Woke up early to the first truly sunny skies we've seen since arriving in Sodwana Bay. Headed up to the view point in the campground. Got an outstanding view of the dam, the Blyde River and canyon, and the Three Rondawels rock formation. Decided to backtrack a bit and went to the official Blyde River Canyon Nature Reserve's Three Rondawels viewpoint, but it really wasn't any better than the campground's.
We decided to backtrack even further and headed twenty kilometers south to Bourke's Luck Potholes, also part of the Blyde River Canyon Nature Reserve. It's the start of the Blyde River canyon and is pretty spectacular. There's a falls that drops the river into a pool. The canyon leading from the pool looks like a series of potholes that are connected under water - so the water in these "separate" holes flows from one to the next. It's beautiful and fascinating, but the walkways, railings, bridges, and danger signs really detract from the setting. Not much in Africa is overdeveloped, but this is.
Finally Kruger National Park! Spent the afternoon driving through the park. The game viewing didn't seem fantastic, but that was partly because of the weather - moving steadily towards no sun at all. There were quite a few animals, including a high percentage of the ones you want to see, but no huge gatherings at the waterholes like in Etosha. Actually all the water holes we went to were completely deserted - no animals at all. Obviously all the rain recently has not been good for the game viewing.
Saw the usual, not exciting, but picturesque animals: giraffe, wildebeest, Zebra, warthog, and Impala before things started to get exciting. We turned off the main (tarred) road on to a sand track looking for leopards. We didn't see any leopards, but almost immediately came upon a group of three lioness. Considering that up until today I've only seen a total of three lions - this was impressive. After a few minutes they dissolved back in to the landscape and we continued on. Shortly thereafter we found a group of at least five white rhinos - unfortunately they were several hundred yards off, but still more rhinos than we've ever seen together. After spotting a large spotted eagle owl we got back to the main road.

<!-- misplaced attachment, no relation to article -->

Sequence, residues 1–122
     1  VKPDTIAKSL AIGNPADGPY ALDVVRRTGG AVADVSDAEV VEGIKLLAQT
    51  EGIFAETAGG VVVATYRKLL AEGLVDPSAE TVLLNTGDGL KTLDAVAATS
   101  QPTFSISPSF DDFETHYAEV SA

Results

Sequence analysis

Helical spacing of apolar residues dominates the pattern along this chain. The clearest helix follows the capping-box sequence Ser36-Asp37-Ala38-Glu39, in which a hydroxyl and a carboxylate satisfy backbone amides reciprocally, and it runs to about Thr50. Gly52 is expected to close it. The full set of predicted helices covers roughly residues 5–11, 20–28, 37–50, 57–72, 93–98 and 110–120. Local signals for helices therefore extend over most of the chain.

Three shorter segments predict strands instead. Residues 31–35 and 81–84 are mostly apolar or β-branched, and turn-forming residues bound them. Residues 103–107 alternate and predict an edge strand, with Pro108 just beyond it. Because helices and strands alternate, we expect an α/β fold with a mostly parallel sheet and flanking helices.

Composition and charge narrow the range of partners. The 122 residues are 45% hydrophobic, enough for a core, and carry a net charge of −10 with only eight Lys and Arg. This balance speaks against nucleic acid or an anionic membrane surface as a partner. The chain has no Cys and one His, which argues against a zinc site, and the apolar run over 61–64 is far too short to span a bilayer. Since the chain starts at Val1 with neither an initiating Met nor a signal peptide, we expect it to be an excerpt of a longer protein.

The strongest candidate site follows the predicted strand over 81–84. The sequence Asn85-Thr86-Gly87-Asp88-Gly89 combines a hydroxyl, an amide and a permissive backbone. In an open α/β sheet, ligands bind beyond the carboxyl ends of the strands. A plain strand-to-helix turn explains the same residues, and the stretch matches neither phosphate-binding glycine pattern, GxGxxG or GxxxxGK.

We debate another quick side road detour (we need to get into camp by six or face a huge fine), but the last sand track was so successful that we decide to do it. It's only a seven kilometer side track, but we immediately come upon a black-backed jackal pup that it fairly fearless of us - at least until the cameras come out (how do they know?) And about half way through we come by a field with another lioness in it! After carefully watching we find that it's not just a lioness, but two lioness and three cubs! The images are spectacular, unfortunately it's after sunset now and to dark for photos.
Race for the camp, get there with ten minutes to spare - no worries. Do some quick shopping (this place is incredibly developed - full shop, two car rental places, a post office, a bank, even an ATM!) After a small dinner (I've been snaking all day - the 1/2 kilo of biltong I bought yesterday is almost gone), and sitting around the fire for the Amarula it's bed time.